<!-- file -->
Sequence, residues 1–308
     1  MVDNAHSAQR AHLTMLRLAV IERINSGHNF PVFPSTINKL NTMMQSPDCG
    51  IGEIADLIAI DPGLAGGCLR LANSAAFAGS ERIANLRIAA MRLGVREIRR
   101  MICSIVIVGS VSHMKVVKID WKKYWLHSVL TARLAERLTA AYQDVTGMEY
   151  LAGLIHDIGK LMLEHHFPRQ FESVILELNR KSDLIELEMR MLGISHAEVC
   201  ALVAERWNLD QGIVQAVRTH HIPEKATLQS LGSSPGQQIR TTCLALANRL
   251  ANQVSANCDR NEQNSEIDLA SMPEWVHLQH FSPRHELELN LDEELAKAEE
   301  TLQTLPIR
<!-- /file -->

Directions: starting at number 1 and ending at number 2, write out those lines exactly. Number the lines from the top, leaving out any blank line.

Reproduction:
Sequence, residues 1–308
     1  MVDNAHSAQR AHLTMLRLAV IERINSGHNF PVFPSTINKL NTMMQSPDCG